Ever wanted to modify some value or execute some statement while your C++ program is running just to test it out? Something that can’t be done through the debugger or isn’t trivial? Scripting languages have a REPL (read-eval-print-loop) - frontend web developers use the “javascript console” of the browser to test things which is available after pressing F12.

cling is an interactive C++ interpreter (developed at CERN) but since it is built on top of LLVM it isn’t easy at all to integrate in your application in an elegant way so everything is callable and works on any platform and toolchain.

RCRL is an interactive C++ compiler in a demo application with GUI which demonstrates the technique. Without further ado here is a showcasing video:

In the video some basic usage is shown and the scene is interacted with. The build system used is Ninja for the fastest possible build times. Also the compilation happens in a background process - submitting code is not blocking - our program continues to run and loads the result when ready.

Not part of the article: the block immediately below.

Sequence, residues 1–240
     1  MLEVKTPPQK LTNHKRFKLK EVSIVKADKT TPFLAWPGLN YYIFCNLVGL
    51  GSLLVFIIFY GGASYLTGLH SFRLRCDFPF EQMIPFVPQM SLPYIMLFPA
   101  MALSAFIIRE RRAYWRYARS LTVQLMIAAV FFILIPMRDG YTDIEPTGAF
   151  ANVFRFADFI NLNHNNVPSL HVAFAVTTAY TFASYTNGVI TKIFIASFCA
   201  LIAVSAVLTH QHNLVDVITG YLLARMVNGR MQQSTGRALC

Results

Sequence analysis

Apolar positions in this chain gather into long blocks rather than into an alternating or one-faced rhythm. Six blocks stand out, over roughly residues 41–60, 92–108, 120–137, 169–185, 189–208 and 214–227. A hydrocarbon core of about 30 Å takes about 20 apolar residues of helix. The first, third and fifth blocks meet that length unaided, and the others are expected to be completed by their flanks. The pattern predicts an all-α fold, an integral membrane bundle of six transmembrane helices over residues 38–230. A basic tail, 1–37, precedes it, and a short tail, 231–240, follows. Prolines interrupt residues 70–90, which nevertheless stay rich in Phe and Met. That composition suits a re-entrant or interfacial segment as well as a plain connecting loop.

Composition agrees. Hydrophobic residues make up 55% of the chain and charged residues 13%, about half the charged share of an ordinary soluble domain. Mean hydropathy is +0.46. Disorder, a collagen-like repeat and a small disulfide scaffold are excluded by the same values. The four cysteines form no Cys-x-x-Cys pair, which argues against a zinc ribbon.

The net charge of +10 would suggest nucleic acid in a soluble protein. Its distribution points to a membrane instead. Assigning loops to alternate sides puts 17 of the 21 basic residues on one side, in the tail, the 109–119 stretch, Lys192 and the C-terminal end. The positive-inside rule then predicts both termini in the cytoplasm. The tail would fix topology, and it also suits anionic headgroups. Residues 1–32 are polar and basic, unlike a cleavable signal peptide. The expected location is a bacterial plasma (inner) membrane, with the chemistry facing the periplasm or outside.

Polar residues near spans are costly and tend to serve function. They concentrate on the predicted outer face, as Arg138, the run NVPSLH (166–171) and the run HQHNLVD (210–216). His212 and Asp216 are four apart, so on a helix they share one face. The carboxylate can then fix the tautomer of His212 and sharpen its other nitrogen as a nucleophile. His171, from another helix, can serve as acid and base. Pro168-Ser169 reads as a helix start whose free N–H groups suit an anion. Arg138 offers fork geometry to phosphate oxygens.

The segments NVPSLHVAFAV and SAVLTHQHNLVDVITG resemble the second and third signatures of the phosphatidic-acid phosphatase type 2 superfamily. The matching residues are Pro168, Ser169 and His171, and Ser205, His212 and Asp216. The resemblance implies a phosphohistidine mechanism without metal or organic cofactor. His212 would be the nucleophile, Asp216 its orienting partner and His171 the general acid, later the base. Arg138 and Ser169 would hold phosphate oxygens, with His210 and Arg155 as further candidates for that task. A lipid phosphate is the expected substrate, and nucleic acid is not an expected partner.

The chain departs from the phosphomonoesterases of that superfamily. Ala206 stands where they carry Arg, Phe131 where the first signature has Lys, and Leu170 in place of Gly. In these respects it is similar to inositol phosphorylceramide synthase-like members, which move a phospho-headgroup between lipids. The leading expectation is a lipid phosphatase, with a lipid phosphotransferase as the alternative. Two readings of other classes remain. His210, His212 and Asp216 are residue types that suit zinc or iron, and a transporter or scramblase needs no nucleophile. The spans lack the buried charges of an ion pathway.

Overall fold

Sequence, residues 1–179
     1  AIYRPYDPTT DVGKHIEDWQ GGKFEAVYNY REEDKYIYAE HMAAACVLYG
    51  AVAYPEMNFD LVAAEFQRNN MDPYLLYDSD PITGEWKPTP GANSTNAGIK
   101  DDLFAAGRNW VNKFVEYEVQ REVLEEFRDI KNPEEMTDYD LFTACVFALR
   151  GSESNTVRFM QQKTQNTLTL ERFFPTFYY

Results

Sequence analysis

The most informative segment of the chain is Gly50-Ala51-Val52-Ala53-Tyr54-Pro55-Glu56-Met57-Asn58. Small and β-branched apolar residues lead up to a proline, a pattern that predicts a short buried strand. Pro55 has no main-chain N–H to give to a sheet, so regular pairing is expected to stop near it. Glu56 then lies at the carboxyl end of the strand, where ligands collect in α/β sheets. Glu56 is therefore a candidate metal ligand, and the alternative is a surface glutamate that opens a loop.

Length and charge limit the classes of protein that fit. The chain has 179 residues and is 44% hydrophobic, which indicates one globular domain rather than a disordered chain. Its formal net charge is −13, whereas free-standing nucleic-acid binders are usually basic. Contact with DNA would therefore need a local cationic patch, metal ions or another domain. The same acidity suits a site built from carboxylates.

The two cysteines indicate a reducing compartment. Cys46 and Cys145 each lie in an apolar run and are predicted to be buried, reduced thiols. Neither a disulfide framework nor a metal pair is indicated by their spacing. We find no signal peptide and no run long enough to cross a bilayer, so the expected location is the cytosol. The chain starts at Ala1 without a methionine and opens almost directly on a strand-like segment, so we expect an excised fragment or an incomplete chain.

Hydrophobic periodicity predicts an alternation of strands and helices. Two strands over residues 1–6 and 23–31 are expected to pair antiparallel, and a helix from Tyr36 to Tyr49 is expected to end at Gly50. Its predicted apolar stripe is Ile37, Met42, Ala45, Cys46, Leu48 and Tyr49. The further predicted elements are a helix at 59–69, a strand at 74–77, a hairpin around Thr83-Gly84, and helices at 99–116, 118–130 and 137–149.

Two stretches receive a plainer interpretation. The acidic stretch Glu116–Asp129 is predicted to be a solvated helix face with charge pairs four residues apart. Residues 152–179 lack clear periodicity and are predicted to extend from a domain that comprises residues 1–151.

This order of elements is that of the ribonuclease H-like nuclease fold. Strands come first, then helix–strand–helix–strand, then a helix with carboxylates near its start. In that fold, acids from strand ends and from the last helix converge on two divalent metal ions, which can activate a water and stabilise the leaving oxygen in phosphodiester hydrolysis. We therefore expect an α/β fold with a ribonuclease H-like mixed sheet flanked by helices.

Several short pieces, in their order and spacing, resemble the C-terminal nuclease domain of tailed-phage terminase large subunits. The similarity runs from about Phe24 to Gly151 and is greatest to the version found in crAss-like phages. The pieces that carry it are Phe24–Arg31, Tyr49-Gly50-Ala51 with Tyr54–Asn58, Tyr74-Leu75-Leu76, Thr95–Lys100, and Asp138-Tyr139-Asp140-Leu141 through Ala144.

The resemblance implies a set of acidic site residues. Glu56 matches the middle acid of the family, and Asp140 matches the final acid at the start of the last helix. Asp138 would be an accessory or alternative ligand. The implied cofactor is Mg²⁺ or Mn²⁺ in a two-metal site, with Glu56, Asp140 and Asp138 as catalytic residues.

How to use it

There are 3 types of sections of code that the user may submit for compilation:

  • global - code that should be compiled in global scope goes there (like class/function definitions, includes, etc.)
  • once - executable statements go in there - this is compiled in function scope and executed only once
  • vars - definitions of variables that will be used later in other sections should go there

Sections are changed with single-line comments containing one of the 3 words global/once/vars. For example:

// global
int foo() { return 42; }
// vars
int a = foo();
int& b = a;
// once
// global
#include <iostream>
void print() { std::cout << a << b << std::endl; }
// once
print(); // ======> will result in "4343" being printed

In the scripting language world REPLs automatically try to print the “value” of the last statement. In RCRL we need to do the printing ourselves.